Diel rhythm of volatile emissions of males and females of the peach fruit fly Bactrocera zonata

A. Levi-Zada*, A. Levy, P. Rempoulakis, D. Fefer, S. Steiner, Y. Gazit, D. Nestel, B. Yuval, J. A. Byers

*Corresponding author for this work

Research output: Contribution to journalArticlepeer-review

11 Citations (Scopus)


Fruit flies in the genus Bactrocera are among the most destructive insect pests of fruits and vegetables throughout the world. A number of studies have identified volatiles from fruit flies, but few reports have demonstrated behavioral effects or sensitivities of fly antennae to these compounds. We applied a recently developed method of automated headspace analysis using SPME (Solid Phase Microextraction) fibers and GC–MS (gas chromatography mass spectrometry), termed SSGA, to reveal volatiles specific to each sex of B. zonata that are emitted in a diel periodicity. The volatiles released primarily at dusk were identified by GC–MS and chemical syntheses as several spiroacetals, pyrazines, and ethyl esters. Solvent extraction of male rectal glands or airborne collections from each sex, followed by GC–MS, showed that certain of the volatiles increase or decrease in quantity sex-specifically with age of the flies. Electroantennographic (EAG) analysis of dose-response indicates differences in sensitivities of male and female antenna to the various volatiles. Our study provides a comprehensive analysis of the volatile chemicals produced and released by B. zonata and their antennal responses. The possible pheromone and semiochemical roles of the various volatiles released by each sex and the difficulties of establishing behavioral functions are discussed.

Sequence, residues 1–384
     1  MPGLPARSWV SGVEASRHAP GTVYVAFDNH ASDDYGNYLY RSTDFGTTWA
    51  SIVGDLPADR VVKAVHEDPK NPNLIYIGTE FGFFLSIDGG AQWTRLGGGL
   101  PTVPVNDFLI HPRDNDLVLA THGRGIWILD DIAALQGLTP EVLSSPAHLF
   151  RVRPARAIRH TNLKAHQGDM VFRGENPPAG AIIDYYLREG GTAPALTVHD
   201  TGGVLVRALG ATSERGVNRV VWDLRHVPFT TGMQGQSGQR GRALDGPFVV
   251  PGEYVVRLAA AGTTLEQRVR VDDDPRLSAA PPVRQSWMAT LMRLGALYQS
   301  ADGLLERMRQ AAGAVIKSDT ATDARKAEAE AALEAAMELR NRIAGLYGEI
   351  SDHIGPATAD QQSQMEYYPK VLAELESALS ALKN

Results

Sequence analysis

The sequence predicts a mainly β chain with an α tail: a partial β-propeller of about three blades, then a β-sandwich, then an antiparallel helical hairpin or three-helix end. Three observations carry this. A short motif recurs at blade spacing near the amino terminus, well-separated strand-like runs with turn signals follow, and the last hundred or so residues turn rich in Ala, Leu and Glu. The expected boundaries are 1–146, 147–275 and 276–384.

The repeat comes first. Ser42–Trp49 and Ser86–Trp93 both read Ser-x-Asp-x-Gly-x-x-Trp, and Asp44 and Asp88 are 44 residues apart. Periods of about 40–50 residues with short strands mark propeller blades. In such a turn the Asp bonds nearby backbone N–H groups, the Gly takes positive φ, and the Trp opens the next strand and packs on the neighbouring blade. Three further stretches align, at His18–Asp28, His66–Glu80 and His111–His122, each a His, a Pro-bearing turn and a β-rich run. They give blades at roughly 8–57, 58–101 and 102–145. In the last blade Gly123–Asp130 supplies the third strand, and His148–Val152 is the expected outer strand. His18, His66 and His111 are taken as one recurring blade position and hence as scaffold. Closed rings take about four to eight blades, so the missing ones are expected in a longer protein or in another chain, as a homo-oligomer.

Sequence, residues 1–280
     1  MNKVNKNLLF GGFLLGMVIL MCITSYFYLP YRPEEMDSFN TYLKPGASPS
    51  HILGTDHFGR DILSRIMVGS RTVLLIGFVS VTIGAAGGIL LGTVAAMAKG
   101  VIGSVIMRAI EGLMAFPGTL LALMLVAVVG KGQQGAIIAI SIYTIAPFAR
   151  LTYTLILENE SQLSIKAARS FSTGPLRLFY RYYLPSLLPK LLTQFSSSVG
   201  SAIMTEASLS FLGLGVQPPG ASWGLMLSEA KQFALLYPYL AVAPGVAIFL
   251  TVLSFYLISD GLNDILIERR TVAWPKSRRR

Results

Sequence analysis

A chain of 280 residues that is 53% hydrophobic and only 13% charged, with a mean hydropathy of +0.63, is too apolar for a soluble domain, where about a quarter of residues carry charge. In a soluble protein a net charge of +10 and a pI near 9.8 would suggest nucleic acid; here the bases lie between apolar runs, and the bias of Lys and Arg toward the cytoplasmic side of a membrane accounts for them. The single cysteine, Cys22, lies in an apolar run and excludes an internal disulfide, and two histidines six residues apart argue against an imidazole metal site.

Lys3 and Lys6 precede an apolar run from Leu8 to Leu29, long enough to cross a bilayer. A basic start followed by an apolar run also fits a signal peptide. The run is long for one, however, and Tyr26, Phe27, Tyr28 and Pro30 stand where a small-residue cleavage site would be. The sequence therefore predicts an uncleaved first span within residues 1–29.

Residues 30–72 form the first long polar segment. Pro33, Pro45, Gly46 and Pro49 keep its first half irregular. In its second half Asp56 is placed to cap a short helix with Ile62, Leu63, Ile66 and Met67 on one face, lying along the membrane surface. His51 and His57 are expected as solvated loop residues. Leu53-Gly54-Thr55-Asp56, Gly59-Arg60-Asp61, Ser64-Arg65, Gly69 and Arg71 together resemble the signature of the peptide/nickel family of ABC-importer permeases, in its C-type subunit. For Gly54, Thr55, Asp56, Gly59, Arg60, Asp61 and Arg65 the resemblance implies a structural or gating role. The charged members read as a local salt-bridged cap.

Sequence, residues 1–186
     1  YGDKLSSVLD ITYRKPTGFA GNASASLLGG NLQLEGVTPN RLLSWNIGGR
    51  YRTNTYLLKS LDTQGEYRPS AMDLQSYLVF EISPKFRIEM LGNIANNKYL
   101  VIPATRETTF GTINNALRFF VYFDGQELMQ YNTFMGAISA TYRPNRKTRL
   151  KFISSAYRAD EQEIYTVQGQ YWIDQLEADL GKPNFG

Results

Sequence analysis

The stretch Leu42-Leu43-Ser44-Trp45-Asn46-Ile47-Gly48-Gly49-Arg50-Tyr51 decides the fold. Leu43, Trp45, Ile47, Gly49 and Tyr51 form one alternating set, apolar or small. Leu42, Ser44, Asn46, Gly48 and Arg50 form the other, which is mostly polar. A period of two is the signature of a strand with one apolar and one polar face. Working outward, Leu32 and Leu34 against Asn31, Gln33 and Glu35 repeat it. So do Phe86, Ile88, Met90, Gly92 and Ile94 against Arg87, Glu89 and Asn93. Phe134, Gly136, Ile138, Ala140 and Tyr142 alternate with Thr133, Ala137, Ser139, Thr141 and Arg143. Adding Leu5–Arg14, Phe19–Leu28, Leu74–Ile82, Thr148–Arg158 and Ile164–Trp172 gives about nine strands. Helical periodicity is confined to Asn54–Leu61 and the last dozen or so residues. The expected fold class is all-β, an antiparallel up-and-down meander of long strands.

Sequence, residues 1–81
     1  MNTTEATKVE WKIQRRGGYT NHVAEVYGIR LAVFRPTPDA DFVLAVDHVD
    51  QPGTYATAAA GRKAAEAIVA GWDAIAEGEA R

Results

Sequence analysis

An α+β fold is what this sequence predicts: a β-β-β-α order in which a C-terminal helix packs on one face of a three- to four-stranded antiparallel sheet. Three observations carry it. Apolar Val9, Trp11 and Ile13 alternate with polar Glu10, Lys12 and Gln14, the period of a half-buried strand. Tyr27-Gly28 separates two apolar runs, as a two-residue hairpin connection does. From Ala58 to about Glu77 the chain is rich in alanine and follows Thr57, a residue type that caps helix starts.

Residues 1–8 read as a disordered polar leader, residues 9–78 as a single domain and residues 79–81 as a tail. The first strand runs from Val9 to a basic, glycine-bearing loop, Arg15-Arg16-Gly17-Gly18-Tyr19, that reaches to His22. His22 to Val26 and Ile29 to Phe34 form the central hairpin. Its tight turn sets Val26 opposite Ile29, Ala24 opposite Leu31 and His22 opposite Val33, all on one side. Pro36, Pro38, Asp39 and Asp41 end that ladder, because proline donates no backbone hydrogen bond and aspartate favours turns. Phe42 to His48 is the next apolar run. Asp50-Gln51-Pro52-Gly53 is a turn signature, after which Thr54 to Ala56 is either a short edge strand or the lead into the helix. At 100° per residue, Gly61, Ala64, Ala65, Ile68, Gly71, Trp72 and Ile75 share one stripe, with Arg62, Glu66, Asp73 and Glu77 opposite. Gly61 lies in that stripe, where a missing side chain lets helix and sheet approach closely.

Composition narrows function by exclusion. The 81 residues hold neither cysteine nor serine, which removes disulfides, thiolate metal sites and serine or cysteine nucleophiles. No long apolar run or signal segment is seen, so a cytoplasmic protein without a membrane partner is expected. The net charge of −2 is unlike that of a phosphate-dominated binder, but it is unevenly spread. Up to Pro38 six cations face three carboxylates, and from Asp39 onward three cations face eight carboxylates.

Original languageEnglish
Article number103970
Pages (from-to)1-10
Number of pages10
JournalJournal of Insect Physiology
Publication statusPublished - Jan 2020
Externally publishedYes


  • Bactrocera zonata
  • Tephritidae
  • Sequential SPME/GC–MS analysis
  • Diurnal rhythm
  • EAG


Dive into the research topics of 'Diel rhythm of volatile emissions of males and females of the peach fruit fly Bactrocera zonata'. Together they form a unique fingerprint.

Cite this